Fillaboa’s wines have a whiff of curry plant, and I was impressed with the wine I tasted on my visit there. Selección Finca Monte Alto Albariño 2020 scored highly. It’s bold and concentrated, but elegant. The acidity is enveloped in textural richness. I tasted this wine again at home and after a few days in the fridge, the richness recedes and the minerality comes forward.
Compare and contrast
Val do Salnés produces the most chiseled, brisk, and straight wines among the wines I have tried. It’s here that you can find Rías Baixas at its most savory and salty. However, the stone fruit characters which can be greener and peppery in colder vintages, move towards the more tropical flavors of Condado do Tea in hot years. The O Rosal style seems more fruity, citrusy ,and possibly slightly fuller and rounder than Salnés and slimmer than Condado do Tea. O Rosal wines are also salty, but softer salt than Salnés. I didn’t taste any wine from O Rosal or Condado do Tea with the oyster-shell, quartz character that Val do Salnés can show.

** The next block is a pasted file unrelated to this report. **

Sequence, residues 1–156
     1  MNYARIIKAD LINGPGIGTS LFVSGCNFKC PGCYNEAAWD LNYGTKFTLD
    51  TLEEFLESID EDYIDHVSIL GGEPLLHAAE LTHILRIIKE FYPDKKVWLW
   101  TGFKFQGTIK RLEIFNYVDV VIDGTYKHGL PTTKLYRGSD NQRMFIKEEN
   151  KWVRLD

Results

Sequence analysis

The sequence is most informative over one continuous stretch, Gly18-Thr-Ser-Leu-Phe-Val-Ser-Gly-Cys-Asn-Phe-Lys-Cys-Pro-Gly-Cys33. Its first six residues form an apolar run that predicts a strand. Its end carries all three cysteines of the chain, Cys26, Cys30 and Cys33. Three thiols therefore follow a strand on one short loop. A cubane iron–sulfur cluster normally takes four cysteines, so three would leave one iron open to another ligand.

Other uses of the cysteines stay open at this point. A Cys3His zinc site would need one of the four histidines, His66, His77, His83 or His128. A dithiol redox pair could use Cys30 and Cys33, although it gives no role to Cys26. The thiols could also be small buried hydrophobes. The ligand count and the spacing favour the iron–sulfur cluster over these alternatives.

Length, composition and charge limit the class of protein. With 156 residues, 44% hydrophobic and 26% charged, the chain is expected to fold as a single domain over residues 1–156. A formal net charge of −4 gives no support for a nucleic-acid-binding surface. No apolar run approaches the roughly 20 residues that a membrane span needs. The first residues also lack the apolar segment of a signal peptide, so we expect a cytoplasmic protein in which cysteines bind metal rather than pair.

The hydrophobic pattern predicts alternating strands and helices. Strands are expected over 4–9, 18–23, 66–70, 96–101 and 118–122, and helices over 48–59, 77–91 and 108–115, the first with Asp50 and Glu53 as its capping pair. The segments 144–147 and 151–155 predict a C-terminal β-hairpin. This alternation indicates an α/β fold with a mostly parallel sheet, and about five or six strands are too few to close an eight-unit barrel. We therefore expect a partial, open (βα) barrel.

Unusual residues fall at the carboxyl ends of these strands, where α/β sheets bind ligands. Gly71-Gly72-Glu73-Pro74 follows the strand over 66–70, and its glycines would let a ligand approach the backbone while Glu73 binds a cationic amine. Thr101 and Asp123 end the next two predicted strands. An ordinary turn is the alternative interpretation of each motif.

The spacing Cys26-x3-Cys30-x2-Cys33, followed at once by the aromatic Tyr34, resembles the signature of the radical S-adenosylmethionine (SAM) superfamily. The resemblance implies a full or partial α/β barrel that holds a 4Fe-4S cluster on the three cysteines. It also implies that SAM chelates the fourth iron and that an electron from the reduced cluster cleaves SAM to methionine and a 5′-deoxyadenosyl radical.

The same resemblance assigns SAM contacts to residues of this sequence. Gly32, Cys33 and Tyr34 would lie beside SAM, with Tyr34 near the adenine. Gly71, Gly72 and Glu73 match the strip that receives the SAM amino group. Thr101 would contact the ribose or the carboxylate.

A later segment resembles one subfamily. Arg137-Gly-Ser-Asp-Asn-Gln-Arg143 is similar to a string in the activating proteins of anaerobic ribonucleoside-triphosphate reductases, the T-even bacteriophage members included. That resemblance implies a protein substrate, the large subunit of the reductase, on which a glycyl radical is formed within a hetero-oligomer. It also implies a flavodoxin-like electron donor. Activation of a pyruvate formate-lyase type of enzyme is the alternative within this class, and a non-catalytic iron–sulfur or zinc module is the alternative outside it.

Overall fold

The acidity is high across all three regions. It was perhaps less noticeable in the mid-palate in the wines from Condado do Tea, but it comes through on the finish. Condado do Tea has the broadest most succulent, exotic, and spicy wines. They are not notably salty, but a sense of minerality appears as the wines mature or are left for a day or two. The finish tends to be aromatically exotic, but in recent hot vintages all the subregions can show rich and exotic fruit.